Gloucester Environment Group take a bushwalk among the treasures of Crowdy Bay

Breathtaking: Gloucester Environment Group bushwalkers admire the view to beautiful Crowdy Bay.
Breathtaking: Gloucester Environment Group bushwalkers admire the view to beautiful Crowdy Bay.

Once again, the Gloucester Environment Group arranged a magnificent bushwalk – this time in the Crowdy Bay National Park.  

Leaving the Pacific Highway just north of Coopernook, a lovely drive through forests and past farmlets took us to Kylies Beach Campground, where several of us set up camp on Friday evening and slept to the sound of the ocean. 

Morning saw several others arrive not long after we were woken up by many kinds of loudly calling birds.  

Crowdy Bay is a gem of the mid-north coast. 

A leaflet available at the Park Office at Diamond Head shows several dozen kinds of wildflowers that can be found in the park, and during our leisurely walk on Saturday, we found more than half of them, plus a few more that weren’t listed. 

My favourites are the Handsome Flat Pea which I’ve never seen before, the Golden Everlasting and of course the lovely white Flannel Flowers which are everywhere in spring near the coast.

Our walk passed many spots named after Kylie Tennant, author of many novels, in particular The Battlers, for which she won the Australian Literary Award in 1942, and All the Proud Tribesmen for which she won Children’s Book of the Year in 1960.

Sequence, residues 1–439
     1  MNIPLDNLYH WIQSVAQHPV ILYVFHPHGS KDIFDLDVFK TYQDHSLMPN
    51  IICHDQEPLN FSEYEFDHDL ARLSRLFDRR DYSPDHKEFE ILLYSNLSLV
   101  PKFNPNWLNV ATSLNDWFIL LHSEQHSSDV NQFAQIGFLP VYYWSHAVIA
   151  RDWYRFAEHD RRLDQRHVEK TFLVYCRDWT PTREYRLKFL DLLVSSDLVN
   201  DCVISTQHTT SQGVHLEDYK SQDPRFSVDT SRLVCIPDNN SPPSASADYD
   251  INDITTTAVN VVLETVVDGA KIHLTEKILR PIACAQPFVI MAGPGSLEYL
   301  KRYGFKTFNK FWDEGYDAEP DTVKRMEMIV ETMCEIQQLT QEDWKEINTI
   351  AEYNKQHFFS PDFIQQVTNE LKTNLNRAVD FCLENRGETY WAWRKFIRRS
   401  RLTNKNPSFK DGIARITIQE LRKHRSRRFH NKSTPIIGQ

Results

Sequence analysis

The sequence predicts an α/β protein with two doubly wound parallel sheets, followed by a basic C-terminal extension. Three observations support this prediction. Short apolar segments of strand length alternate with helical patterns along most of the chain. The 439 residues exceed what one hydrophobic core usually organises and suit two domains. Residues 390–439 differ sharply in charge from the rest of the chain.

Kylies Hut, not far from our campsite, is an historic hut that was built by local man Ernie Metcalfe for Kylie Tennant who used it as a writer’s retreat. 

Ernie Metcalfe, Diamond Head and Crowdy Bay are portrayed in her 1971 book The Man on the Headland.

As well as visiting Kylies Hut, we walked through the coastal forest of banksias and paperbarks, swam after lunch at Diamond Head beach, and then returned to our camp site through the coastal heath across the headland. 

According to NSW National Parks and Wildlife Service Crowdy Bay National Park protects a pristine sweep of coastline near Port Macquarie and Taree. 

The Aboriginal people have known its bountiful wonders for over 6000 years, Captain Cook glimpsed its glittering beauty in 1770, and it is all still there for everyone to enjoy. Other highlights include Blackbutt, Geebung and Cheesetree picnic areas. Other campgrounds are Indian Head and Abbey Creek.

A final magnificent sight was a pair of colourful paragliders swooping through the sunshine over Kylies Beach – we stopped to watch their acrobatics for several minutes before heading back to camp for a well-earned rest before dinner and then to bed with the sound of rain on our tents.

The Environment Group will have a recess from walking during December.  

The walks program for next year will be available in early January.  Contact Alison Lyon at or phone 0409 718 795 if you would like to receive a copy.